Sun, Sep 10, 2006 - Page 11 News List

Japan, Philippines set to ink free-trade pact

LIBERALIZING ACCORD The two countries had meant to sign a free trade pact much earlier, but have been at loggerheads over the issues of labor and agricultural exports

AFP , HELSINKI

Japan and the Philippines were to sign a free-trade pact yesterday, after overcoming the thorny issue of Filipina nurses seeking work in the world's second-biggest economy, officials said.

Japanese Prime Minister Junichiro Koizumi and Philippine President Gloria Arroyo are to sign the economic partnership agreement in Helsinki ahead of the two-day Asia-Europe Meeting (ASEM) that begins today, Japanese government officials said.

The deal with the Philippines will be the first of its kind for Japan because it includes landmark provisions on the movement of labor.

Under the agreement, a limited number of Philippine nurses and caregivers will be allowed to work in Japan on the condition they pass Japanese qualification examinations.

The trade pact will also remove tariff duties on more than 90 percent of trade in goods between the two countries.

However, some Philippine agriculture exports to Japan, including tropical fruits, and some Japanese exports of industrial goods to the Philippines will remain subject to tariffs.

Two previous deadlines for signing the pact were postponed as the two sides remained at odds on various issues, with Tokyo seeking a more open investment climate in the Philippines and Manila pushing to send more workers to Japan, mostly nurses.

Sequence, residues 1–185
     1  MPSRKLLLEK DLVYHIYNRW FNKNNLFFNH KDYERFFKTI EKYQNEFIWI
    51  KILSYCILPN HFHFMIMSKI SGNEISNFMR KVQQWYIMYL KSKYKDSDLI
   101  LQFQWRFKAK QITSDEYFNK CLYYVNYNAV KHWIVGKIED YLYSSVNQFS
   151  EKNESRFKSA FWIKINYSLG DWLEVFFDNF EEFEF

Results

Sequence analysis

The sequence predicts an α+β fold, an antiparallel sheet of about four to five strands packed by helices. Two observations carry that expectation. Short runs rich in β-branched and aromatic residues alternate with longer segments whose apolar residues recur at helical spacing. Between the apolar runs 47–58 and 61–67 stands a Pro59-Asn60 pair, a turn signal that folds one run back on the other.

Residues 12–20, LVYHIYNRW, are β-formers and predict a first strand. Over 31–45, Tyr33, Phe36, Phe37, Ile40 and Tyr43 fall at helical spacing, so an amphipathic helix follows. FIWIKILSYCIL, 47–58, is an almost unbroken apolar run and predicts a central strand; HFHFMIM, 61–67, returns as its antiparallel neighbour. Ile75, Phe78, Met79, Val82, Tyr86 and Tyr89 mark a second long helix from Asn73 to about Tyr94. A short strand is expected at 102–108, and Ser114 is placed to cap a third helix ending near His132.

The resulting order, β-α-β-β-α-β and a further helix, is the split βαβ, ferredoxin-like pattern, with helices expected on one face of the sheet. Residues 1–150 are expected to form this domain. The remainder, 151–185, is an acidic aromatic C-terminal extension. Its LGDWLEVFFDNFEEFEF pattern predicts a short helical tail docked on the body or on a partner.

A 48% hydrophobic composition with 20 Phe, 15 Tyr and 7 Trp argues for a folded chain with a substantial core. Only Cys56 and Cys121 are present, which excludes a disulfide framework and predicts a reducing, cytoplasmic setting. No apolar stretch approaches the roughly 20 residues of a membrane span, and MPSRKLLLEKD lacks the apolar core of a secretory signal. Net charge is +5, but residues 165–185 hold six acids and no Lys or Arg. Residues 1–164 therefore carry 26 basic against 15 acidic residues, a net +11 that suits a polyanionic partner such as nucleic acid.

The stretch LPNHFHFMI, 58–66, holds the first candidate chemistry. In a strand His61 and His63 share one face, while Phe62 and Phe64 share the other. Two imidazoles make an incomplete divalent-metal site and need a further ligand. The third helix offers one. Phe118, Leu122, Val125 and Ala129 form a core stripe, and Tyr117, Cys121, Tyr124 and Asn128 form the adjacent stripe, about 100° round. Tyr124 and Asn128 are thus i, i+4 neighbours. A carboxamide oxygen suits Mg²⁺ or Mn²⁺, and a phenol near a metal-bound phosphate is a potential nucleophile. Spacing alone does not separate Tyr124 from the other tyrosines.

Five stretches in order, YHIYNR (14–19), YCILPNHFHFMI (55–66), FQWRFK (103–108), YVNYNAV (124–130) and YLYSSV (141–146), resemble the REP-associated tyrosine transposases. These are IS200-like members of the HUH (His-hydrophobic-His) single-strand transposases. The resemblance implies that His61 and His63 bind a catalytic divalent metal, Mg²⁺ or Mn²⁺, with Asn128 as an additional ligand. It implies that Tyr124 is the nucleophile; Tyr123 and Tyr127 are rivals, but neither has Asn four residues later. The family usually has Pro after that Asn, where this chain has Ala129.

Japan last year tightened visa regulations to crack down on the trafficking of sex workers after coming under pressure from the US.

But the tougher visa rules led to protests in the Philippines, which feared that the restrictions would also affect legitimate workers. Eight million Filipinos -- 10 percent of the population -- work overseas and sent home US$10.7 billion last year.

Amid frosty relations with closer neighbors China and South Korea over its wartime record, Japan has been seeking warmer relations with Southeast Asia, including through free-trade deals.

Since the re-establishment of diplomatic ties, Japan has become the top aid donor to the Philippines, contributing US$9.4 billion over the past 23 years, or 51 percent of all foreign loans and grants to Manila in the period.

Japan's first free trade agreement, with Singapore, took effect in late 2002 and Tokyo has since signed deals with Malaysia and Mexico.

It reached a broad agreement with Thailand last year, while talks continue with Brunei, Chile, South Korea, Indonesia and the 10-nation Association of Southeast Asian Nations as a whole.

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